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UNC | Read all about it

Picture 19th- and 20th-century kids who sold newspapers on the streets in American cities — referred to in slang as newsies.

Now, picture one as female.

That may not come naturally, but according to doctoral student Autumn Linford’s research, female newsies were not so uncommon, though obscured like many of the contributions women have made to journalism history.

“Women have been a part of journalism history as long as there’s been American journalism,” said Linford,  pictured at right, who studies journalism history at UNC Hussman and will teach it this fall as an assistant professor at Auburn University in Alabama.

Read story here.

UNC | Student entrepreneur Caitlyn Kumi

When Caitlyn Kumi `21 felt her self-esteem sinking in the wake of a difficult relationship, her aunt gave her waist beads symbolizing the power of femininity in her family’s West African culture.

The waist beads wrapped Kumi with the confidence of both body and business and the jewelry item became the foundation of an entrepreneurial venture she launched as a junior at the UNC Hussman School of Journalism and Media.

While some might wonder why Kumi didn’t wait until after graduation to launch her women’s empowerment fashion-lifestyle brand Miss EmpowHer, for Kumi, building a business as a student simply made sense — especially as a student at a school like UNC Hussman.

​Read story here.

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UNC | Penny Abernathy Speaks at UNC Local News Exhibit

A new exhibit celebrating two centuries of North Carolina’s local news publications kicked off at the UNC Wilson Special Projects Library Feb. 27 with a talk by Knight Chair in Journalism and Digital Media Economics Penny Abernathy, who shared her groundbreaking local news research.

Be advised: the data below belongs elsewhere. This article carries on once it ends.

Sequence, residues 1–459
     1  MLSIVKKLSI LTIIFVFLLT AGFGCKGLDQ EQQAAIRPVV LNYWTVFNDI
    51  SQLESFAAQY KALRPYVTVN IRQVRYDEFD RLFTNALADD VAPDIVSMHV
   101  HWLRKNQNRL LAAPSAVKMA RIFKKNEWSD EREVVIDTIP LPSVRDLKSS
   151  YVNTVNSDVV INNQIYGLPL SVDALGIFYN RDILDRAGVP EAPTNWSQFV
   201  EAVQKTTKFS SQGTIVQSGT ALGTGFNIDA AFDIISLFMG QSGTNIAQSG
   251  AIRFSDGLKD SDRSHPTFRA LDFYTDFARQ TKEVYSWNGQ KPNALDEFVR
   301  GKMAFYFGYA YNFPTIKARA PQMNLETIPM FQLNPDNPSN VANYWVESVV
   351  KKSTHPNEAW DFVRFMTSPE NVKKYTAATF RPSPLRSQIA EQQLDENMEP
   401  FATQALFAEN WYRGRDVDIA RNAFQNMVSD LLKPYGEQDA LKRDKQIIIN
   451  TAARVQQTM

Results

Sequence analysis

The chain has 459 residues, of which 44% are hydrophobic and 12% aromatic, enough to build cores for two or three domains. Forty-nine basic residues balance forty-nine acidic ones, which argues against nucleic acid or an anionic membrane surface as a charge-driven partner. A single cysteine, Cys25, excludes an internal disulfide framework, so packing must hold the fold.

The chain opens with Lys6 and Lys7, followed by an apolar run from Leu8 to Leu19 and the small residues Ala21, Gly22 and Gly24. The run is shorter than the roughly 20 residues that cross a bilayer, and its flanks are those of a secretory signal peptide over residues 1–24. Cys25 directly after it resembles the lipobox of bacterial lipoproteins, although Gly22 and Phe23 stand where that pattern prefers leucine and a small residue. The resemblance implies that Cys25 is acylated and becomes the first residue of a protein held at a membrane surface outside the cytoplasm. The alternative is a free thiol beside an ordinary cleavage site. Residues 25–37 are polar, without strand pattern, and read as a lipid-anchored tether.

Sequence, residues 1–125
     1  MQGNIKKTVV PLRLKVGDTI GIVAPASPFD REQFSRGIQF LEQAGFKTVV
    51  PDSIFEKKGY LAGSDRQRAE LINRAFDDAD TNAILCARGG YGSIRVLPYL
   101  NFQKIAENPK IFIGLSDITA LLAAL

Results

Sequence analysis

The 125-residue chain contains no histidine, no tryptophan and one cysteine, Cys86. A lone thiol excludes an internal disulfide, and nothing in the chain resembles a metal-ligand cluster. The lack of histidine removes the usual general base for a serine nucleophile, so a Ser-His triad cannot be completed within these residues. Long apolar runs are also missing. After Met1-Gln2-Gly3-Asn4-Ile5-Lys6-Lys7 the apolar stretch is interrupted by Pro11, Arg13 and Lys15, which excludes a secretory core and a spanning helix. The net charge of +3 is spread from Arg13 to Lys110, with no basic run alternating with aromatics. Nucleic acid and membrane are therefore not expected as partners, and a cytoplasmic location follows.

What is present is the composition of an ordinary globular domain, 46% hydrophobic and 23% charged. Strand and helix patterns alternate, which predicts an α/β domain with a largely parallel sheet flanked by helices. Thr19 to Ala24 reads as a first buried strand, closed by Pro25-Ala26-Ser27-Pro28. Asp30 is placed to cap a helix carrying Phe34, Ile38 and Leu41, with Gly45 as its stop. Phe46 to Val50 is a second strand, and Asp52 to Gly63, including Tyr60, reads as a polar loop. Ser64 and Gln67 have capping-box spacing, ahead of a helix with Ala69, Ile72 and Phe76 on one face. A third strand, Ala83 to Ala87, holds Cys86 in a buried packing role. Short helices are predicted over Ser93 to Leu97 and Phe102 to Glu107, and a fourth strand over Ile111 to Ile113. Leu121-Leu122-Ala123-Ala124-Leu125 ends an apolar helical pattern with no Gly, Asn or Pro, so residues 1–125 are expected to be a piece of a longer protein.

Abernathy studies “news deserts” — communities with limited access to credible and comprehensive news — and the innovative business models targeting them in her research at the Center for Innovation and Sustainability in Local Media, located within the UNC Hussman School of Journalism and Media.

​Read story here.

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UNC | Reese Innovation Lab / Google News Initiative Local News Platform

In the 1970s, when Ju-Don Marshall was 7, her family moved to the South Carolina Low Country from New York.

Marshall had maternal roots in the area, deep in the African-American Gullah culture surrounding Charleston, but to a New York City kid raised on concrete and bustling streets, the silent, humid countryside was a culture shock daily.

Marshall didn’t see many stories about people of color like her in the local newspaper, and even as a kid she found herself wondering: Why?

​Read story here.

Carolina Alumni Review | Kenan Scholars


Qiudi Zhang ’12 produces graphic art in Raleigh.


Lauren Schultes ’11 seals deals in her Boston sales job.


Ryan Dickey ’13 studies plastic surgery in Texas; Aaron Robinson ’12 soars the Virginia skies in lightning-fast military planes.


But they have a common tie: They studied music at Carolina as Kenan Music Scholars. And they’ve applied lessons learned in UNC’s music department across their divergent fields.

​Read story here.

UNC | Ferrel Guillory retires


For Ferrel Guillory, journalism was a way in.


Into an education few in his working-class Louisiana family ever received. Into a front row seat for the sweeping societal changes taking place around him. Into a chance to leave an impact on the greater public good.